Diane MacLean, FRBS, whose work, ‘Stranded Head’ is one of those greeting visitors towards the start of the exhibition, commented: “I think it’s worked wonderfully well. John has placed each piece to give it the position that’s relevant to it and given each piece space so that you see one and then another, not crowded together.
“He and all the staff in the gardens have done a great job, setting everything out immaculately and providing the right kind of help.”
Over its nine year history the Sculpture in the Garden exhibitions have become quite competitive among sculptors and this year there were more than 70 applications, of which 41 were accepted.
Others are invited, and it was a meeting at the Miami Basel Art Fair earlier this year where John Sydney Carter met US sculptor Bilhenry Walker and encouraged him to exhibit one of his works in the ‘Heart, Head and Hands’ exhibition. ‘Synaptic Sinew V’ was sent over in pieces and Walker flew over to assemble it in situ.
The Pangolin foundry and gallery, which handles work for most of the major big names in the UK sculpture world, has supported Sculpture in the Garden for the past four years and this year has loaned ‘Heart, Head and Hands’ four sculptures, by Ralph Brown, Terence Coventry and Charlotte Mayer.
Special open days at the Garden are highly popular and the Plant Sale and Family Day on 27th June will include a large plant sale featuring a wide range of specialist nurseries, musical entertainments, displays from local natural history societies, arts and crafts stalls, children’s entertainment and refreshments.
‘Heart, Head and Hands’ opens to the public on Sunday 27th June at the University of Leicester Botanic Garden, Glebe Road, Oadby. Though normally free at other times, an entry charge of £3.50 per adult (children are free) will apply for entry to the Botanic Garden on this day.
The sculpture exhibition will run until Sunday 19th September, and after the 27th June the garden will be open free of charge, except for other special open days (see the website www.le.ac.uk/botanicgarden for details).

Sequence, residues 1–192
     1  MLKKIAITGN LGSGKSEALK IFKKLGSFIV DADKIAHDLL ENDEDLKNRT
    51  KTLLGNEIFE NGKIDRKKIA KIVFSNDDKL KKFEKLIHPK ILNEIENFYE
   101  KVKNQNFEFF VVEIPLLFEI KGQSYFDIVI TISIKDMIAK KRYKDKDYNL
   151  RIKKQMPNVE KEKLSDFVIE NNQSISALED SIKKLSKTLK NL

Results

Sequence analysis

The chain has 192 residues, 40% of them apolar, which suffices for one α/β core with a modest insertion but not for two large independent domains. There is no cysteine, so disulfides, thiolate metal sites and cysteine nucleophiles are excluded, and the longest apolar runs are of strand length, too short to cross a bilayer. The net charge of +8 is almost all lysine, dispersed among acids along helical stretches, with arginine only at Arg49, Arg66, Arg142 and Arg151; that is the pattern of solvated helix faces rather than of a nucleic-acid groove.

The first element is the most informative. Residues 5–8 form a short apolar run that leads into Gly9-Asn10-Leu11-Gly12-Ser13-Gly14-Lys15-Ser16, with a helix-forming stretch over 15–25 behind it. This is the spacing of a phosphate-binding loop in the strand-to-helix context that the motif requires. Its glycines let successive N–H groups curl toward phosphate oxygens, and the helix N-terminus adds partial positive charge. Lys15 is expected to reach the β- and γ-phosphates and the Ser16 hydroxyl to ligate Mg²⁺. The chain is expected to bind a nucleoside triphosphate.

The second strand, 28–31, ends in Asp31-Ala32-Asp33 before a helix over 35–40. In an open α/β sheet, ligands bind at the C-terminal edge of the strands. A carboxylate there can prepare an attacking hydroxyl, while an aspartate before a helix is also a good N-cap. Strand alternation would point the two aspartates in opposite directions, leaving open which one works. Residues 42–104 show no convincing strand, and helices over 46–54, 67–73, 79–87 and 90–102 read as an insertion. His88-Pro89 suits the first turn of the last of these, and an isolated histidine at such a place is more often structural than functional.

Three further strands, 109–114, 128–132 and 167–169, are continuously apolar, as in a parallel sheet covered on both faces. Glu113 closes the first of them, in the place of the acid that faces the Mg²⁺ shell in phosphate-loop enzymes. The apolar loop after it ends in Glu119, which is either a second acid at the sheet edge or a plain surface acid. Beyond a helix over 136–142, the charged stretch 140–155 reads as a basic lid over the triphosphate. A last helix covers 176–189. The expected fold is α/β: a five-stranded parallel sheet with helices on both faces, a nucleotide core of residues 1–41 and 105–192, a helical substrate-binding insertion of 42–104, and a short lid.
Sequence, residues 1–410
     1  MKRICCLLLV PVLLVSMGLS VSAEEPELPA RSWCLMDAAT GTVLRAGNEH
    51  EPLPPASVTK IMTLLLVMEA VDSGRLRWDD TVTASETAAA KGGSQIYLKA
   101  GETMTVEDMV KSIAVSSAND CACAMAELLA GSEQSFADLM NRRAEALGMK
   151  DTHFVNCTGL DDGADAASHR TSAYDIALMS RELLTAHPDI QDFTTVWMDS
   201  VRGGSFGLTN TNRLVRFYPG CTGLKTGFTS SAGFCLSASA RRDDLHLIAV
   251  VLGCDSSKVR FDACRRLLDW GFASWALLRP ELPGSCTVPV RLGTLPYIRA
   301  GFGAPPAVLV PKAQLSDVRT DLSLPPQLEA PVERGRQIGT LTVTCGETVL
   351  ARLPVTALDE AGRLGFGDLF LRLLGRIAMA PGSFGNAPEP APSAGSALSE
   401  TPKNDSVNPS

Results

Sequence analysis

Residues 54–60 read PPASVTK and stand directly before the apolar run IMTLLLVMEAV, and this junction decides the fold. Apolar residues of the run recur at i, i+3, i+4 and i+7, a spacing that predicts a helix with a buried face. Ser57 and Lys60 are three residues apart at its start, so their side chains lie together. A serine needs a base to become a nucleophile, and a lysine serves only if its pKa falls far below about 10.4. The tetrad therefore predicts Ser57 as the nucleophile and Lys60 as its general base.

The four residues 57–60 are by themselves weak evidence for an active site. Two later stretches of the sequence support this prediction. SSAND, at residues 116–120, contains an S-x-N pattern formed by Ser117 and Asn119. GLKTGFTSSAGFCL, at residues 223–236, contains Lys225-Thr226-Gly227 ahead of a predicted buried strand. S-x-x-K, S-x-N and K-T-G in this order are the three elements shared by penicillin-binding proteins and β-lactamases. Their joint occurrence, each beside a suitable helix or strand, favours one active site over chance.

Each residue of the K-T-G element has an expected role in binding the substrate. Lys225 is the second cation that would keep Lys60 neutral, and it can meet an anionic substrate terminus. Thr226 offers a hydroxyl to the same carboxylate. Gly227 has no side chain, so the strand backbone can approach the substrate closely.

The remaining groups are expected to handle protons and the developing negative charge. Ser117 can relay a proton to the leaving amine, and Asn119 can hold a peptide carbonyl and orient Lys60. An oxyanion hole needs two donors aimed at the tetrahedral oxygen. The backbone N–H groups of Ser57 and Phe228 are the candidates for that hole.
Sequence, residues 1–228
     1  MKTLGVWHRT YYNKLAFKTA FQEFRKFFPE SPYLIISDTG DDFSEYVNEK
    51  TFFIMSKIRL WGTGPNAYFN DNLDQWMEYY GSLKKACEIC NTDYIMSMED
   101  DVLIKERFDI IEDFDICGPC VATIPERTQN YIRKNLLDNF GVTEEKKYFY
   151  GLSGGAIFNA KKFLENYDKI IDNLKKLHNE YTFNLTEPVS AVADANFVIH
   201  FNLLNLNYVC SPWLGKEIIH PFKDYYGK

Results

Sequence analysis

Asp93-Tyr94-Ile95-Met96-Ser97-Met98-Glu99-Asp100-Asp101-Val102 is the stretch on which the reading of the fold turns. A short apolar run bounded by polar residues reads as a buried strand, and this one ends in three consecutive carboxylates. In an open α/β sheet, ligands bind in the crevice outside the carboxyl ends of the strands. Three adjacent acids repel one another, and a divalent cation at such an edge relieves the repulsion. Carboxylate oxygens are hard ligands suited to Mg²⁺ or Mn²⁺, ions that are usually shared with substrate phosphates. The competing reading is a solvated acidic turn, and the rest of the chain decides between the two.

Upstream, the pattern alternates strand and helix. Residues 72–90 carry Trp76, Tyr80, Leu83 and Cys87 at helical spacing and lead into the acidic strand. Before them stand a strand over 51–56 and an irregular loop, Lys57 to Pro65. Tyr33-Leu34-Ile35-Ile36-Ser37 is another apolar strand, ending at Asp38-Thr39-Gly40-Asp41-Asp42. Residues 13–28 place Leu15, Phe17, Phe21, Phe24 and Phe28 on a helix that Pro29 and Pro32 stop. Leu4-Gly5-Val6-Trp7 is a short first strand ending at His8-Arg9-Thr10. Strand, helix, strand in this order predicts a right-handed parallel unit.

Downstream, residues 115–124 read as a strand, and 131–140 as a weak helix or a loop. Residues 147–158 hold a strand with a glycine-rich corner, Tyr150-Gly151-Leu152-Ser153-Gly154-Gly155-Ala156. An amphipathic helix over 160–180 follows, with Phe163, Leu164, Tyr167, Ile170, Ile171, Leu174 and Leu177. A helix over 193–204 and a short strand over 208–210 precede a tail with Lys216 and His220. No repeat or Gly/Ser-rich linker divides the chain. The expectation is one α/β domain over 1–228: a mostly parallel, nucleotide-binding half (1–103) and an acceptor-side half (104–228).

Normal Botanic Garden opening times are 10am-4pm Monday-Friday all year (except for the Christmas-New Year period) and on Saturday and Sunday from the third weekend in March to the second weekend in November. The entrance to the Garden is in Glebe Road, Oadby.
Click here to download the brochure for the exhibition.
Notes to Editors: The exhibition ‘Heart, Head and Hands’ will open to the public on Sunday 27th June.
There will be a press photo opportunity on Saturday 26th June, 11.30am-1.30pm in the Wedgwood Room, Beaumont Hall. The exhibition will be formally opened on 26th June by the Vice-Chancellor of the University of Leicester, Professor Sir Robert Burgess. Participants in the Philharmonia Orchestra’s Martin Music Scholarship Fund will be playing for the occasion.
Click here to view a gallery of images from the exhibition.
For more information please contact:
Dr John Sydney Carter, Curator, tel 01858 545642, email email@example.com
Stella Couloutbanis, Visual Arts Manager, Embrace Arts, RA centre, University of Leicester, email firstname.lastname@example.org, tel 0116 223 1529
Dr John Sydney Carter, FRBS - Curator
The University of Leicester’s £22.5m Henry Wellcome Building is the home for two major sculptures by the national sculptor John Sydney Carter, FRBS. Standing 18ft high, Vortex is one of the sculptor’s first pieces of public sculpture on a large scale. The same building also houses Atomica, a 30ft high sculpture of welded stainless steel, commissioned by Vice-Chancellor of the University of Leicester Professor Sir Robert Burgess in 2004.
The same week that the ‘Heart, Head and Hands’ exhibition opens, another major work by John Sydney Carter will be installed in front of the De Montfort Hall in Leicester. The sculpture, called ‘Concerto’, was commissioned by the Friends of New Walk, Leicester.